Norwich City. . . . . . . . . . . . . . .0
LAST season's winners against the present League leaders promised substantial fare at Elland Road, but Leeds and Norwich were merely the ghosts of championships past and future.
Although both managers professed themselves happy with their sides' performances, a goalless draw was, like so much else received at this time of year, of little practical value to either.
It failed to dispel the rumour of an unthinkable slide from riches to relegation rags for Leeds; it did little to contradict the feeling that Norwich are Premier League leaders on borrowed time.
Both sides created enough chances for a far more satisfying result. If Lee Chapman and Mark Robins - scorers of so many significant goals between them in 1992 - had not been equally and dismally out of touch, several of those chances would surely have been taken.
The three most obvious opportunities fell to the Canaries, starting with the penalty awarded to them in the 10th minute. Mel Sterland, in his second match back after his ankle injury, looked built for hooking duties with Elland Road's other tenants, Hunslet rugby league side, rather than for chasing Ruel Fox down the wing.
The first race between them seemed a mis-match and Sterland brought Fox down by collapsing exhausted on to his leg rather than through any malicious intent. Those niceties were lost on the referee, Philip Don, but Mark Bowen returned the gift like a pullover of the wrong size and colour by blazing the spot-kick into a crowd that was already jeering by the time it arrived.
In the second half, Robins put a clear shot at goal weak and wide and Ian Crook saw Gary Speed clear his effort off the line.
What Leeds lacked in quality openings, they made up for in quantity. The long periods of pressure they applied tended to yield long-range shots from Gary McAllister, free-kicks rather too complex for their own good and centres aimed at the ineffective Chapman, whose main contribution was to be booked for a foul on John Polston.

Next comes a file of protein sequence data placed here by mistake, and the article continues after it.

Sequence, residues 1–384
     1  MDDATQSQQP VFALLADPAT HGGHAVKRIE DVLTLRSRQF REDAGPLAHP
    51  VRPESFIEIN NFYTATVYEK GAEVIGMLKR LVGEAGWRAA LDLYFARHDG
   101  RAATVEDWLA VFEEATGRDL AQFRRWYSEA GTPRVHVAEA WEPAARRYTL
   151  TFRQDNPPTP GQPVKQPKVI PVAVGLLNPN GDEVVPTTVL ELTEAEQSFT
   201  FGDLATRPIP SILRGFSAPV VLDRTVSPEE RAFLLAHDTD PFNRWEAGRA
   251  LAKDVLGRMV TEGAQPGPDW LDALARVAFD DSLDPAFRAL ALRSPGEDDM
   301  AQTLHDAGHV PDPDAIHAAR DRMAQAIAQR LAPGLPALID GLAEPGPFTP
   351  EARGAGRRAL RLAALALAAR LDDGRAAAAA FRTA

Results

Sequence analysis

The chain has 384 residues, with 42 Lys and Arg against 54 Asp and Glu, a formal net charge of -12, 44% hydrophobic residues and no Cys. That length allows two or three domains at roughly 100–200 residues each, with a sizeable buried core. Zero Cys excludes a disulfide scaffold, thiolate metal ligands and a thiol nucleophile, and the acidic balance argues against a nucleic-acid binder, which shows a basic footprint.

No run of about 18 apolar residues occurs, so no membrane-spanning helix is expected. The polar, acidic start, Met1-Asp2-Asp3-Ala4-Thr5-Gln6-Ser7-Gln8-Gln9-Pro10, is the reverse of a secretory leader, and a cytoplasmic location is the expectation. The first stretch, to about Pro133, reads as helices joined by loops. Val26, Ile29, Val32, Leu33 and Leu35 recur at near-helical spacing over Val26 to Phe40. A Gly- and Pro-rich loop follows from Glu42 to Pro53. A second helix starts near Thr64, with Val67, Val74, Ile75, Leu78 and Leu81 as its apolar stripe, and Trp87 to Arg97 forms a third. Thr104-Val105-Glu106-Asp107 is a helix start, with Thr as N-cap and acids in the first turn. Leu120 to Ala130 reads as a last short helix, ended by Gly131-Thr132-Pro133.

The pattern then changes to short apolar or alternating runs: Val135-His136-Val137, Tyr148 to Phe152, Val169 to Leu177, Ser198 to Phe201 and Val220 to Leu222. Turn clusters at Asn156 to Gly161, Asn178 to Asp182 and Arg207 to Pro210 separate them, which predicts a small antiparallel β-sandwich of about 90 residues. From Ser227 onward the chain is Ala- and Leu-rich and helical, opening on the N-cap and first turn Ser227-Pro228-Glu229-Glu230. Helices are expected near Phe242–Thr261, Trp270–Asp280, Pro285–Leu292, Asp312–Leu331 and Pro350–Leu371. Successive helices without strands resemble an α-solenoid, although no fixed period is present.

Chapman headed an early centre from Imre Varadi wide of the post, and McAllister and Varadi were denied by Bryan Gunn's excellent double save.
A taped message from Howard Wilkinson which was played before the match reassured supporters that the players were 'giving 100 per cent and sometimes more'.
One who took that sort of demanding quota seriously was Gordon Strachan, who enjoyed one of the most vocal matches of his long and loquacious career. He was booked for one monologue, aimed at a linesman, which seemed long and interesting enough to come out in paperback early in the new year. His finest moment, however, was when he dashed over to where the injured Rob Newman was being treated to give him the benefit of a second opinion.
With Strachan in such good voice, 1993 might be disappointing for Leeds, but it will hardly be quiet.
Leeds United: Lukic; Sterland, Dorigo, Batty, Fairclough, Wetherall (Newsome, 81), Strachan, Varadi, Chapman, McAllister, Speed. Substitutes not used: Rod Wallace, Day (gk).
Norwich City: Gunn; Culverhouse, Bowen, Newman (Sutch, 68), Polston, Megson, Crook, Sutton, Robins, Fox, Phillips. Substitutes not used: Woodthorpe, Walton (gk).
Referee: P Don (Middlesex).
(Photograph omitted)Reuse content